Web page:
Happiness: a ‘Tesign’ for life

Feature Story

Happiness can be hard to come by. Since Aristotle walked the streets of ancient Athens preaching the good life, the search for happiness has fed the imagination and driven innovation. Can our contemporary world of high-tech connectivity provide the satisfaction we have always sought? “Tesign” - the combination of technology and design - is here to help

A fleeting feeling of warmth, a hit of serotonin, happiness is a slippery concept. It is the feeling of wellbeing that comes from good health, but it is also the feeling of satisfaction that comes from overindulgence. Happiness is the comfort of safety and security, but it is also the rush of reckless risk-taking.
“Tesign” really can improve our lives, offering access to unlimited information and creating opportunities to build new types of community, maybe even freeing us from manual labour and in some imagined scenarios, leading us to a life of ease and… happiness.

Enhanced communications technologies such as instant messaging, the free flow of data offered by open data and the automation of manual work by robotics may seem to make this future inevitable. In the most optimistic speculative worlds, “tesign” will lead us to the technological Eden imagined by the poet Richard Brautigan; “Where we are free of our labors and joined back to nature ... and all watched over by machines of loving grace.”

But “tesign” offers a double-edged sword; the filmmaker Adam Curtis ironically adopted the closing lines of Brautigan’s poem as the title of his documentary in which he argues that technologies invented to liberate humankind have instead “Distorted and simplified our view of the world around us.” The promise of happiness is exploited to fix our eyeballs on social networks in the name of driving up advertising viewership. The online world can be a hotbed of untruths and misinformation, it can be an incubator for doubt and insecurity. The needs of the individual become almost irrelevant in systems designed around big data. AI and automation leave workers fearing for the future of their jobs. The happiness “tesign” promises to deliver may not be addictive in itself, but it can certainly drive addictive behaviours - a phenomenon that has shaped the design of our online lives.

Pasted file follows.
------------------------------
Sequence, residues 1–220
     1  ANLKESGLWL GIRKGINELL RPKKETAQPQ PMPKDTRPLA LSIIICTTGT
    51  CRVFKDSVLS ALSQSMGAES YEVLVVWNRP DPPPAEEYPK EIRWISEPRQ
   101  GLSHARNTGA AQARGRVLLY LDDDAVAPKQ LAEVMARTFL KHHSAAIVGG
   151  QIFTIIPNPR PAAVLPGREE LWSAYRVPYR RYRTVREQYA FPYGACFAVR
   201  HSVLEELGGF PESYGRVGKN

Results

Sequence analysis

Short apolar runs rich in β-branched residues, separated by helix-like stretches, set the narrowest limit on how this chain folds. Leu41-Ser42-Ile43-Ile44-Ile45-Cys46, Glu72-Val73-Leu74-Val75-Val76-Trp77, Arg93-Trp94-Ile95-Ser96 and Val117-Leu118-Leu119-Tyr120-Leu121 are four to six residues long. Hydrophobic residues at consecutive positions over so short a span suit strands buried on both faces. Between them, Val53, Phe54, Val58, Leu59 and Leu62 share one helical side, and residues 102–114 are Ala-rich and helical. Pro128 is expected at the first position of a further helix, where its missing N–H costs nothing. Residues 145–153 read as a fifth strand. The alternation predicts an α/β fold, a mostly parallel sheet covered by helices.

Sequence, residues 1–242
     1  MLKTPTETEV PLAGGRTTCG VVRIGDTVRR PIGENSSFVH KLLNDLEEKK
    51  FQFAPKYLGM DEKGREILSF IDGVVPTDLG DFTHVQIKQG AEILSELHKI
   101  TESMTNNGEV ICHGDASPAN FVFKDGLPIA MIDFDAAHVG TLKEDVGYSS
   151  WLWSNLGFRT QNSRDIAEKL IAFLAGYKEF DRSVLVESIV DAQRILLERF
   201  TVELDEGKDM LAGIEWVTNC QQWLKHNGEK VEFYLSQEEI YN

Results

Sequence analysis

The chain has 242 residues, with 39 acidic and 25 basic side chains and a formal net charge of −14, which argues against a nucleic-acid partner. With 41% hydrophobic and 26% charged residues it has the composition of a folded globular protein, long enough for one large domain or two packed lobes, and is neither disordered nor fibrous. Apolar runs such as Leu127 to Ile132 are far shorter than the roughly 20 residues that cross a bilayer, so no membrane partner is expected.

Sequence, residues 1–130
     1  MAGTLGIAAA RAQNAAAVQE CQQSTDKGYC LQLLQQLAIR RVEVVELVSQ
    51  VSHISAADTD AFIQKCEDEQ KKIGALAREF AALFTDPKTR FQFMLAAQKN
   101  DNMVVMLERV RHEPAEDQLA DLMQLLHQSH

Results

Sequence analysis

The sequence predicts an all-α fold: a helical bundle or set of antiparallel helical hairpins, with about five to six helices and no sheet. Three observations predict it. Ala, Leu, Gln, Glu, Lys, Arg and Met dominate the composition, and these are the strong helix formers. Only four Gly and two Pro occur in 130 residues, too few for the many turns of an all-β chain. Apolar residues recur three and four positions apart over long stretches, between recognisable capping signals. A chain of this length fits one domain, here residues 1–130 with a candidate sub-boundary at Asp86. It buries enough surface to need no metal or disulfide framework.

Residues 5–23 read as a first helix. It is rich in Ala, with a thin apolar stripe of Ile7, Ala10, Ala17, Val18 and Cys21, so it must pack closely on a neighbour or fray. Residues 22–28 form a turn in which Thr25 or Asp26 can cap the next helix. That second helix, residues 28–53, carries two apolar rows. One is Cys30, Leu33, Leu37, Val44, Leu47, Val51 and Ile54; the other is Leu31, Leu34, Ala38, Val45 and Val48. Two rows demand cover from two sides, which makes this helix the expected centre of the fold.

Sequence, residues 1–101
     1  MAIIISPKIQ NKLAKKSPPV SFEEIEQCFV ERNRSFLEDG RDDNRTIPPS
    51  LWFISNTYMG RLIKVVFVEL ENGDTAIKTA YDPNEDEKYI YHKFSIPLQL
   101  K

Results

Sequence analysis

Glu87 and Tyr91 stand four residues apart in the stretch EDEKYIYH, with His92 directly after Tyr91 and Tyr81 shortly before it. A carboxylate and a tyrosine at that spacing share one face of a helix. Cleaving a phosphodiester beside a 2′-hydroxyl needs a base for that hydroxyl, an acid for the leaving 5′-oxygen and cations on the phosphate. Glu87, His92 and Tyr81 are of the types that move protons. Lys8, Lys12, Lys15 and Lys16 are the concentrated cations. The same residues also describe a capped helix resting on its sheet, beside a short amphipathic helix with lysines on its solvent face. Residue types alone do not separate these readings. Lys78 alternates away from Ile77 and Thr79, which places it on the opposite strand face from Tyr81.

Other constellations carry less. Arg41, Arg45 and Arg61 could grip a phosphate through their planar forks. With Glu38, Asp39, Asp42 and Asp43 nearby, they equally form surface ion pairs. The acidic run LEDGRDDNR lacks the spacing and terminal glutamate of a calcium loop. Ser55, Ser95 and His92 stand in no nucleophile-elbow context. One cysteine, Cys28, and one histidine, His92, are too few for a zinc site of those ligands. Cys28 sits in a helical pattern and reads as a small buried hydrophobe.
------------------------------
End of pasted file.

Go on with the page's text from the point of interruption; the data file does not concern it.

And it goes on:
Ultimately, the choice between these two visions of “tesign”, and these two versions of happiness is our own to make as individuals and as communities. The technology is out there to be used; we can become uncritical consumers of information and producers of data, or we can harness the opportunities offered by “tesign” on our own terms. Humanity’s never-ending search for happiness will continue to drive forward the development of new technology.

Over the following pages we will hear from individuals who give serious thought to the effect that technology has on their personal happiness. And we will look at cities where technology is being exploited to positive effect, with the aim of generating higher levels of happiness to the benefit of the whole community.